I’ve been thinking a lot lately about Joshua Porter’s presentation on The Psychology of Social Design, specifically about Porter’s belief that “Personal Value Precedes Network (Social) Value” and that most people aren’t “selfish” but self-interested. Though it may seem obvious, this maxim is incredibly important and is one of the first things we forget when building a new social networking site or even feature.
A simple test
I like to apply this simple test: if only one user uses this feature, will it still offer value? If I upload my pictures of my vacation to Flickr and then send the link to family and friends, if I get zero traffic from Flickr itself or any of its networking features, it is still an excellent way to get my pictures on the web and easier than building even the simplest of personal photo galleries. Obviously once I start tagging my pictures, writing appropriate titles, joining groups, etc. the experience becomes even richer and my pictures are seen by even more people. But the core value of an online photo management tool remains the same. Flickr is aware of this, in fact it’s the first point of their mission statement.
Ok, everything is pretty straightforward up to this point. People like to look out for number one. Got it. Porter goes onto to talk about how to make the jump to social features once individual value has been met, and he summarizes Kollock’s Motivations for Contributing, which are also tied up with individual needs like reciprocity and the need to be a part of a group.
We’re not always selfish
Again, sounds good but here’s the thing: if you, dear reader, followed the link above you’ll have seen a nice little site called Wikipedia. Nice right? Joking aside, try as I might I can’t seem take all of the self-interest inherent to the above theories and make it jive with a site like Wikipedia. My first thought that it was simply a question of volume, volume, volume: just as Porter says, most people are self-interested but “most” means that there are some people that aren’t self-interested. So then maybe it’s just a question of volume, volume, volume. I mean get a few million visitors per day and you’re bound to find a few kind souls who will add contribute without the promise of reciprocity. This also jives with research pointed out by Jakob Nielsen and Eduardo Manchon which talks about a ratio of 1 content creator for every 100 content browsers.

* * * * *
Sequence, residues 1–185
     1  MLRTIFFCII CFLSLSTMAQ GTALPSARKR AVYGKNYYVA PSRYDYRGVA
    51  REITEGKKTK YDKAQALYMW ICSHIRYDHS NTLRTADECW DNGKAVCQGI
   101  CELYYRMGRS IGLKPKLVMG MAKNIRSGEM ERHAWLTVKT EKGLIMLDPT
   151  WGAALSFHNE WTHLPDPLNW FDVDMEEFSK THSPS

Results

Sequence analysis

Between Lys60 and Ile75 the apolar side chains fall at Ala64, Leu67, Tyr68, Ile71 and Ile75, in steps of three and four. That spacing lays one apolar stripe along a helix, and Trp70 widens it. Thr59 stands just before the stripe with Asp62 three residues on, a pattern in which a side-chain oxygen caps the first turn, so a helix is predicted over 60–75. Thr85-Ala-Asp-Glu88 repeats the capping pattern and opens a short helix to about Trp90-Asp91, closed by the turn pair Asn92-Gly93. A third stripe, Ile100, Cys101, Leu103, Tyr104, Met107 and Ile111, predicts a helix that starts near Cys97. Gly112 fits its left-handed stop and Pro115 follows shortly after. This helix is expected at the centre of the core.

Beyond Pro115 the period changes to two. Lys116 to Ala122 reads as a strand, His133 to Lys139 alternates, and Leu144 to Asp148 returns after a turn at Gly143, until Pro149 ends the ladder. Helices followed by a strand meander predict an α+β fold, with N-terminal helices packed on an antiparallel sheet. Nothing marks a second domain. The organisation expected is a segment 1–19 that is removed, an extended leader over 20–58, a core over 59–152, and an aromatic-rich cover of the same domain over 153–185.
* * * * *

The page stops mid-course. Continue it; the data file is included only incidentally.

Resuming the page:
The thing is that unless you buy great amounts of traffic or artificially motivate (prizes, money, etc.) the 1:100 ratio will only work once you have lots of users and lots of traffic. Yet at some point Wikipedia like all sites was small and as far as I know (if anyone else has more info please, please leave a comment to this post) they’ve always worked as an non-profit and have never paid to create content. That means that just like with the big bang there had to be some special initial spark to set off all of this exponential growth. And in the case of Wikipedia where anonymous sources are the norm, the spark couldn’t have been just ego or reciprocity. It had to be something altruistic, some need beyond our basic self-interest. Something noble and necessary that may not touch everyone, but touches enough people to get the ball rolling.
I call it digital altruism
I define as this deep need as digital altruism. Altruism because it’s all about the self-interest defying need to move outside of the market space that dominates more and more of our lives, to do something that feels big and important and doesn’t just serve ourselves, our employers and the system. Digital because thanks to the combination of new technologies that facilitate easy, delocalized communication and new sites which make contributing easy, fun and rewarding (I see what I’ve contributed) I can be altruistic from anywhere, at anytime, thus allowing me to balance my altruistic needs with my self-interest (work, family, leisure).
Digital altruism is a real need and it is at a heart of any successful social learning web site. Once you are aware of it’s existence, it’s easy to come up with a number of specific ways to use it in social web sites:
Focus first on digital altruism, no matter how much money you can invest in bribing users
Ask yourself “How does this site allow users to contribute to the greater good?” There are many ways to contribute, it could be by entertaining people, teaching them, advising or even just sharing beauty.
Find ways to combine other needs like reciprocity and recognition/reputation with digital altruism
Digital altruism can exist in an anonymous setting, but it doesn’t have to. Combining noble aspirations with the “ego needs” of your users is just fine. Just make sure never to let the self eclipse the good. You could end up with a whole lot of primadona users, each more self-centered than the next.
Altruism has to be more than just a slogan, it must be a part of your mission
We can’t all start foundations and we want to make money as companies and as professionals. But if we incorporate altruism into our own companies mission and it’s a core value for our team, it will show up on the web site itself. No one wants to feel like they are working for free for some company, but if they detect shared altruism then, even if it’s unconscious, they will feel more comfortable.But be careful, users are not stupid and eventually the blogosphere reveals all. Don’t try and fake altruism, users will be able to smell it and you will eventually pay a price.
As you’ve no doubt seen in the title of this blog, dear reader, digital altruism is a concept that I’ll be discussing even more in detail. This has been a basic introduction using some well-known web examples. Stay tuned!